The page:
These beaver fur top hats are part of an ongoing exhibit at the Stone Fort Museum called "Old Hat: 100 Years of Headgear." The exhibit, which will run through Dec. 19, explores the social and cultural context of wearing hats with 65 hats, caps and bonnets dating from 1850 to 1950.
NACOGDOCHES, Texas - New York fashion historian Rebecca Jumper Matheson will present "Pinnacle of Fashion: Hats of the 20th Century" at 3 p.m. Sunday, Oct. 19, in conjunction with an ongoing exhibit at the Stone Fort Museum at Stephen F. Austin State University.
The lecture will be held in the Kennedy Auditorium adjacent to the museum on the SFA campus. A former research assistant at The Costume Institute of the Metropolitan Museum of Art, Matheson has taught in the History of Art Department at the Fashion Institute of Technology. She is the author of "The Sunbonnet: An American Icon in Texas" and "A House that is Made of Hats: The Lilly Daché Building 1937-1968" included in "The Places and Spaces of Fashion: 1800-2006."
Matheson has worked in costume design and museum collections, and she has taught at FIT and Berkeley College, New York City. Her current book project "Young Originals: Emily Wilkens and the Teen Sophisticate," forthcoming from Texas Tech University Press, explores the life and work of Wilkens, an innovator in the field of American teenage clothing in the 1940s.
The museum be hosting a reception for the exhibit "Old Hat: 100 Years of Headgear" from 2 to 5 p.m. on that Sunday. The exhibit explores the social and cultural context of wearing hats with 65 hats, caps and bonnets dating from 1850 to 1950. Everything from the ubiquitous sunbonnet to the popular fedora is on display.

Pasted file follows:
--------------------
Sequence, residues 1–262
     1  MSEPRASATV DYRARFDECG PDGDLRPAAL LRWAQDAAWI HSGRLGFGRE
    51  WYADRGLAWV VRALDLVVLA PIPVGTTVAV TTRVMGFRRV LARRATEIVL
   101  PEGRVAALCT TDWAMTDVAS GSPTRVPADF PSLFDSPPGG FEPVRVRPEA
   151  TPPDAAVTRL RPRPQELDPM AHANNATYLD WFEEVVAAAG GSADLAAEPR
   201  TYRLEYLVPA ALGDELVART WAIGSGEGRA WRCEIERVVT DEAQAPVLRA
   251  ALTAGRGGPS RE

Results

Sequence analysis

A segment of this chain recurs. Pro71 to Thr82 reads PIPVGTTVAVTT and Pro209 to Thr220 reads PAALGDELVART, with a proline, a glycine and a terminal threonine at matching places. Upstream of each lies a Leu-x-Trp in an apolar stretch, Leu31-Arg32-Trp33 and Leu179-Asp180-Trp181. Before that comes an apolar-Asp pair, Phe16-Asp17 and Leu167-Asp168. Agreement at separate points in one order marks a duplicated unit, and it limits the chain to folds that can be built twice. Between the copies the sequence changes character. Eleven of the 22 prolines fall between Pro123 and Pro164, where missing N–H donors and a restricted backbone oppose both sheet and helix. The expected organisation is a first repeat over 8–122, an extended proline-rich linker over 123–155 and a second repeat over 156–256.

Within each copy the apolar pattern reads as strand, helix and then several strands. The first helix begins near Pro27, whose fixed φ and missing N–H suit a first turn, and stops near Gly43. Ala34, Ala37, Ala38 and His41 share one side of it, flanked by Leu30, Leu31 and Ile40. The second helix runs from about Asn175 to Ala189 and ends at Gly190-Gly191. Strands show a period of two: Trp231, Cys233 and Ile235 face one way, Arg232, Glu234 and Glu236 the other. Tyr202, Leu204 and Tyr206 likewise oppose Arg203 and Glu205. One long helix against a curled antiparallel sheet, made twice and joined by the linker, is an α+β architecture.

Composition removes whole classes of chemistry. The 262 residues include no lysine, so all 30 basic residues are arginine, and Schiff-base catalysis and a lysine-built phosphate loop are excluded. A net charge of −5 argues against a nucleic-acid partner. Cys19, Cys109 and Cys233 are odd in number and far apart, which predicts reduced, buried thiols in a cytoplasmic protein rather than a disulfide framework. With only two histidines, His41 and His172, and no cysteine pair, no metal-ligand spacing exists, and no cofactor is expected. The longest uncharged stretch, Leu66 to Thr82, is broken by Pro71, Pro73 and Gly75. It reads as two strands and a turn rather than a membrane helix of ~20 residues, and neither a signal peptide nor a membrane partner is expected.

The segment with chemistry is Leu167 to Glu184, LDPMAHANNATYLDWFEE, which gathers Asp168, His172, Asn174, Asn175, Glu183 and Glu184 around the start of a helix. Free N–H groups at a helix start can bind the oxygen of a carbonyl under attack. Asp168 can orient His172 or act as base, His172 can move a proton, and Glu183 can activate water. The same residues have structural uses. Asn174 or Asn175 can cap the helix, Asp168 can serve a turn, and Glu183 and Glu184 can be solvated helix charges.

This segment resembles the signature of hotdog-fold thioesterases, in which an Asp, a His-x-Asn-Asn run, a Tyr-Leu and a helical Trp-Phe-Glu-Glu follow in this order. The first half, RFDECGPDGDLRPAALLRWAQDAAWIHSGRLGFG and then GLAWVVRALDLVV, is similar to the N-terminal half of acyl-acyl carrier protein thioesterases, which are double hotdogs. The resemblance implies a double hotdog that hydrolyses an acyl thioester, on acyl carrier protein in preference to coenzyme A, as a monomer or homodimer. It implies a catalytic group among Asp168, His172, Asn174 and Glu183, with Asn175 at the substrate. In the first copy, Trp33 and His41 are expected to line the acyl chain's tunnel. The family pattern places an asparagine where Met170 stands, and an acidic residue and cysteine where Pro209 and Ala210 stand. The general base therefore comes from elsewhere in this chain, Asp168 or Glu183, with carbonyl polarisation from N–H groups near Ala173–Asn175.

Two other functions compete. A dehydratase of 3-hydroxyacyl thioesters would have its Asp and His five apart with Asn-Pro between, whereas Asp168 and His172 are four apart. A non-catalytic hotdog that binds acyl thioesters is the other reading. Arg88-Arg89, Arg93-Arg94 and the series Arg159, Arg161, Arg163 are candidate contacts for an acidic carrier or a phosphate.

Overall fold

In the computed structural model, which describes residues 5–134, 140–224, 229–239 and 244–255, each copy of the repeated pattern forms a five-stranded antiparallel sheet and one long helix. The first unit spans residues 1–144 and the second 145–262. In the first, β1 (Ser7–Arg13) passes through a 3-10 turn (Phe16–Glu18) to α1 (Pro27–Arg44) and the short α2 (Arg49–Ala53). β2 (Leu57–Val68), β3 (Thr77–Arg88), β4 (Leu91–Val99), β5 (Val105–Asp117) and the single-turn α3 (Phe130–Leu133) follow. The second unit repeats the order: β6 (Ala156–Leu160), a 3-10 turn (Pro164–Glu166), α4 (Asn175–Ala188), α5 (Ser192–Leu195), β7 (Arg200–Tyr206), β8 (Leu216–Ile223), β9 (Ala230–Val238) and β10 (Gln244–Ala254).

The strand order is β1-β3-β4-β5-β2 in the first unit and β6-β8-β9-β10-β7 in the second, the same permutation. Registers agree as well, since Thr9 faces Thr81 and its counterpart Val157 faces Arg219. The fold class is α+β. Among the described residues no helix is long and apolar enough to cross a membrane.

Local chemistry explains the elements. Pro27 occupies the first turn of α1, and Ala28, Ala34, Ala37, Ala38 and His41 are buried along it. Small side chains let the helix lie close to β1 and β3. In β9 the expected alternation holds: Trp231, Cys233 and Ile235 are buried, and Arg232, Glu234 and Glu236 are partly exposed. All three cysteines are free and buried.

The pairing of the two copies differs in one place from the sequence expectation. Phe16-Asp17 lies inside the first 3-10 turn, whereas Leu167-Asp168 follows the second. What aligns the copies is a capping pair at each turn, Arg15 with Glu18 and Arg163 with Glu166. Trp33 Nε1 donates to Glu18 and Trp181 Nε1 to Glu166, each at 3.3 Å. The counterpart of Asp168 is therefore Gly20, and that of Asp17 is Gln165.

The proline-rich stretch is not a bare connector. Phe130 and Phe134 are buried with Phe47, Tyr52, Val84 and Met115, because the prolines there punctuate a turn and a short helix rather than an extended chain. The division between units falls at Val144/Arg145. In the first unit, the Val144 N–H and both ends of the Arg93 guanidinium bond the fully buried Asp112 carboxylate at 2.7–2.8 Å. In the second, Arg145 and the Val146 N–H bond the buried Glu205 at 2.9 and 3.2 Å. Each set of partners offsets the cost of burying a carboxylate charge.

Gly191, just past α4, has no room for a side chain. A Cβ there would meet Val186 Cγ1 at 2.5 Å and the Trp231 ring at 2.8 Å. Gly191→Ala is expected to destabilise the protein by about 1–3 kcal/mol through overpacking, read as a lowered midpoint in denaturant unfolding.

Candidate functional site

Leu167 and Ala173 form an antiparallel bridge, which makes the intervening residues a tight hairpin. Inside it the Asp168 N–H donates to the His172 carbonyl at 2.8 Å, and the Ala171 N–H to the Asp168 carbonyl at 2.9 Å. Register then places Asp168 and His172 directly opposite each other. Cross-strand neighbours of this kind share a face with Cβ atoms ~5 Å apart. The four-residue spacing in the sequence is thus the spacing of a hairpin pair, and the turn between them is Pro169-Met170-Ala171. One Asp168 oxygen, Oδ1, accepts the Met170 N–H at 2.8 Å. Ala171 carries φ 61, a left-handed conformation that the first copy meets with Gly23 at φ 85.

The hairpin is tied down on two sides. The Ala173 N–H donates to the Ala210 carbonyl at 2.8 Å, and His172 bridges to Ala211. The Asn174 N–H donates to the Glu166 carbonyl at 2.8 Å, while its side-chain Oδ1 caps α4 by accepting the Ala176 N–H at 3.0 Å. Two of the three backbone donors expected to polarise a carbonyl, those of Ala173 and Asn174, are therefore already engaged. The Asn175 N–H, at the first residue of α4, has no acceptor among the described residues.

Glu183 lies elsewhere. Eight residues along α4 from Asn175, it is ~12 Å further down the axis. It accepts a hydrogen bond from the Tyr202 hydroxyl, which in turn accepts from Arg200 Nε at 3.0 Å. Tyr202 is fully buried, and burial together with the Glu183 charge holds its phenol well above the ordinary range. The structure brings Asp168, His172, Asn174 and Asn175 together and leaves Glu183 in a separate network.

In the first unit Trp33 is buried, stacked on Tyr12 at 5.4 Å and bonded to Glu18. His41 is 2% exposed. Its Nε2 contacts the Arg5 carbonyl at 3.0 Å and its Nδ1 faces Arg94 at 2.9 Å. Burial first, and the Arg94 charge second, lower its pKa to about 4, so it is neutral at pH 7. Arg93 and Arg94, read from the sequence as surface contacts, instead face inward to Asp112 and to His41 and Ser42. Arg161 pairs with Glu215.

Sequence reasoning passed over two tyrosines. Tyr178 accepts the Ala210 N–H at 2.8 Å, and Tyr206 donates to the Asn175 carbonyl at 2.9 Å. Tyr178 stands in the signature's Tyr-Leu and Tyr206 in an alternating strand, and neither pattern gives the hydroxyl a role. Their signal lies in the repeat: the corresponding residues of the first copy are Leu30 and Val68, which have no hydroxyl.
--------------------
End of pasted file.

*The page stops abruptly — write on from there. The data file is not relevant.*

"Historic photographs and a wide variety of hat styles tell a story that is about more than function," said Museum Director Carolyn Spears. "Until the 1960s, hats were a wardrobe necessity for both men and women. Phrases such as 'mad as a hatter' and 'tip of the hat' are reminders of the pervasive influence of hats at one time."
The display includes artifacts from the museum's permanent collection, as well as the Human Sciences Costume Collection at SFA, Nacogdoches Historic Sites, Millard's Crossing Historic Village in Nacogdoches, the Heritage Society Houston, the Fort Worth Museum of Science and History, and two private collectors, along with photographic images from the East Texas Research Center in the SFA Steen Library.
The reception will feature special activities, including portrait sittings and hat-making. The public is invited to bring a favorite hat and sit for a portrait in the museum's "studio," make a paper hat, and enjoy an afternoon dessert on the lawn.